Recently, while preparing for the 2016 College Language Association Conference, I went back and looked at more of Paul Laurence Dunbar’s writings. I examined some of his newspaper articles, short stories, and The Love of Landry (1900). During his career, Dunbar wrote four novels, and three of them focused on white, not African American, characters. The Love of Landry was Dunbar’s second novel, and the narrative, simply put, focuses on Mildred Osborne going out West to Colorado to improve her health. During her stay, she falls in love with Landry and agrees, at the end of the novel, to marry him. From a narrative standpoint, the novel is pretty straightforward and, at times, leans towards melodrama.

For many, Dunbar’s decision to write novels that focus on white characters while eschewing African American protagonists has led them to view him as an accomidationist rather than as an artist with a political voice. However, Dunbar was not alone in this practice, and through his novels, Dunbar “demonstrates the astonishing range of an African American writer working within the literary establishment in 1900 in America” (Martin, Primeau, Jarrett 105). Underneath the veneer, the novel, I would argue, comments on various aspects of Dunbar’s life at the turn of the century and on race relations as well.
In regards to Dunbar’s own life, the class distinctions that arise, then crumble, between Mildred and Landry mirror those that arose with Dunbar’s own relationship with Alice Ruth Moore. Alice’s family did not want her to marry Paul because of his class but also because of the darkness of his skin. In the novel, Mildred’s Aunt Anna fears that her trip to Colorado will cause the young girl to “disgrace [her] family as to wear leggings and a buckskin shirt” (114). Throughout, even though she is thousands of miles away, Anna continues to admonish her niece not to get involved with someone of a lower position than herself. She writes Mildred and concludes her letter by saying, “The poor can afford to be humane. The rich cannot afford to be less than proper” (138). For Anna, being proper involves marrying within ones class.
Along with fearing that her niece will become enamored with a man who is ostensibly below her station, Anna cringes at the idea that Mildred may become accustomed to the “uncivilized” life of the West and forget her own station. She claims this, as has been seen, with her comments that Mildred should not come back wearing buckskins or riding horses astride. Even though Anna fears the “uncivilized” West, Colorado appears as a land populated by civilized and democratic individuals. The West becomes a land of democratization where class and station do not matter. Instead, the actions of a man become the focus. Mildred’s father John experiences this when he greets Landry for the first time.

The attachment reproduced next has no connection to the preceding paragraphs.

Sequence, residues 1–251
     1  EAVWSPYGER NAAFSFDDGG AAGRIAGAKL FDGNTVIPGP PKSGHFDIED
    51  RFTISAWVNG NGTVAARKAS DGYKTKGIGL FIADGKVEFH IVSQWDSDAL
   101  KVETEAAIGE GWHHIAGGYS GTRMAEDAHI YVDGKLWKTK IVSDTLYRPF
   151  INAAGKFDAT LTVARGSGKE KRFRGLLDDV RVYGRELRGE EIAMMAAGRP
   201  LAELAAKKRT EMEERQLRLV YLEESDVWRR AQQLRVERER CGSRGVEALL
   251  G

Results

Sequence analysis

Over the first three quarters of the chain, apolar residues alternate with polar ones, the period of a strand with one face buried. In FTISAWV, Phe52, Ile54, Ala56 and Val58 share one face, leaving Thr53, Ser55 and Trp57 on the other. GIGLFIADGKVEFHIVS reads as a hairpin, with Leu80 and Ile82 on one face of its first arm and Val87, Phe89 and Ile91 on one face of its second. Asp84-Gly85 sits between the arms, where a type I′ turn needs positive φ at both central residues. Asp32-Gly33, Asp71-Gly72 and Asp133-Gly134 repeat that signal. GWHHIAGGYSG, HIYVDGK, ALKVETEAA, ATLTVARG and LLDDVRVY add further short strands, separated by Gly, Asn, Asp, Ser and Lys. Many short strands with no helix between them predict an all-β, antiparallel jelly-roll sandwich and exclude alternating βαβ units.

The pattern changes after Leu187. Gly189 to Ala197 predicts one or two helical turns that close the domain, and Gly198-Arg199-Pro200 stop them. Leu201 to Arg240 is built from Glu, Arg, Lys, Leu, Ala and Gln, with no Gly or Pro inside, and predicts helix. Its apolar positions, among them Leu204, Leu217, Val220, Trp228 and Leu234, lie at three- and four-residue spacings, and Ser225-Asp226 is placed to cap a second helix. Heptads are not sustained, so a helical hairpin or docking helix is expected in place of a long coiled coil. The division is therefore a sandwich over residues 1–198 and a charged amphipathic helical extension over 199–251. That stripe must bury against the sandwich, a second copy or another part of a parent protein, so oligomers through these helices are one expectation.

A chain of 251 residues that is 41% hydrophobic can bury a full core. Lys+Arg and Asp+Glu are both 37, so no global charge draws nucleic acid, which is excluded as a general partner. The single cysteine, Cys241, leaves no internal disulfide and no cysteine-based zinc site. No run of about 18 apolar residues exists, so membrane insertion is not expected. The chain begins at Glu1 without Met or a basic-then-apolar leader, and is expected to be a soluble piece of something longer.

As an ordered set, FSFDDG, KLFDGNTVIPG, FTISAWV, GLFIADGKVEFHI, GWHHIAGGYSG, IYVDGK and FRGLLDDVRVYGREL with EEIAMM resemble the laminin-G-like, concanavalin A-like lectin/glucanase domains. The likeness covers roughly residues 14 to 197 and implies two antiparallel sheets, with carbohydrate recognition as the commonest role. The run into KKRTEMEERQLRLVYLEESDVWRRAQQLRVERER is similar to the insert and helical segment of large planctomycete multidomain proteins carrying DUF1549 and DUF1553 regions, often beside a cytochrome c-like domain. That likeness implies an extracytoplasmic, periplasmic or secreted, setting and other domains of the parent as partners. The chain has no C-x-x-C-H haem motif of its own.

While the novel deals with distinctions between different classes, I would also say that the novel, with its veneer of white characters, comments on race relationships as well. The novel contains one, possibly two, African American characters. A porter on the train assists Mildred and her father, and the family’s maid, Nina, follows them out to Colorado. It is unclear whether or not Nina is African American. These characters, however, do not play a large part in the story and do not really add anything to the discussion of race. It would seem fitting that the porter might, and he does to the extent that his scene can be seen in relation Dunbar’s “We Wear the Mask,” but overall, he just serves as a character that expands the discussions of class.
While the porter provides another example of class division, Landry provides the broader view. In this way, I would argue that Landry presents a counter to class relations as a whole, as I mention earlier, but I would also argue that another way to view Landry would be in regards to race. Landry exists as “uncivilized,” at least initially to the characters in the novel, because he lives so far from civilization. Landry moved west to escape the corruption of the “civilized” society in New York.

By giving Landry a secret, Dunbar comments on the perceptions that individuals have of one another, a topic that arises again and again in his short fiction regarding the ways that whites perceive African Americans. Eventually, we find out that Landry is not what he initially appears to be; instead, he comes from an upper class, “civilized,” family. Aunt Anna perceives that Landry is an “uncivilized” cowboy who will taint her niece; however, this is not the case. Eventually, Anna acquiesces to the couple’s desire to wed, and she sees the man as he is. In this way, one could argue that Dunbar, by using white characters, slyly comments on the ways that perceptions create a false image of individuals, and taken in relation to his other works, it can be seen as a comment on the ways that whites view African Americans.

These thoughts, at this stage, are just preliminary. There is more here, especially in regards to Dunbar’s choosing to set the story in the West, a space of democratization. This, though, is a broader discussion for a later date. What are your thoughts here? As usual, let me know in the comments below.
Dunbar, Paul Laurence. The Love of Landry. The Collected Novels of Paul Laurence Dunbar. Eds. Herbert Woodward Martin, Ronald Primeau, and Gene Andrew Jarrett. Athens: Ohio University Press, 2009. 109-165.
Martin, Herbert Woodward, Ronald Primeau, and Gene Andrew Jarrett. “Introduction.” The Collected Novels of Paul Laurence Dunbar. Eds. Herbert Woodward Martin, Ronald Primeau, and Gene Andrew Jarrett. Athens: Ohio University Press, 2009. 105-108. 

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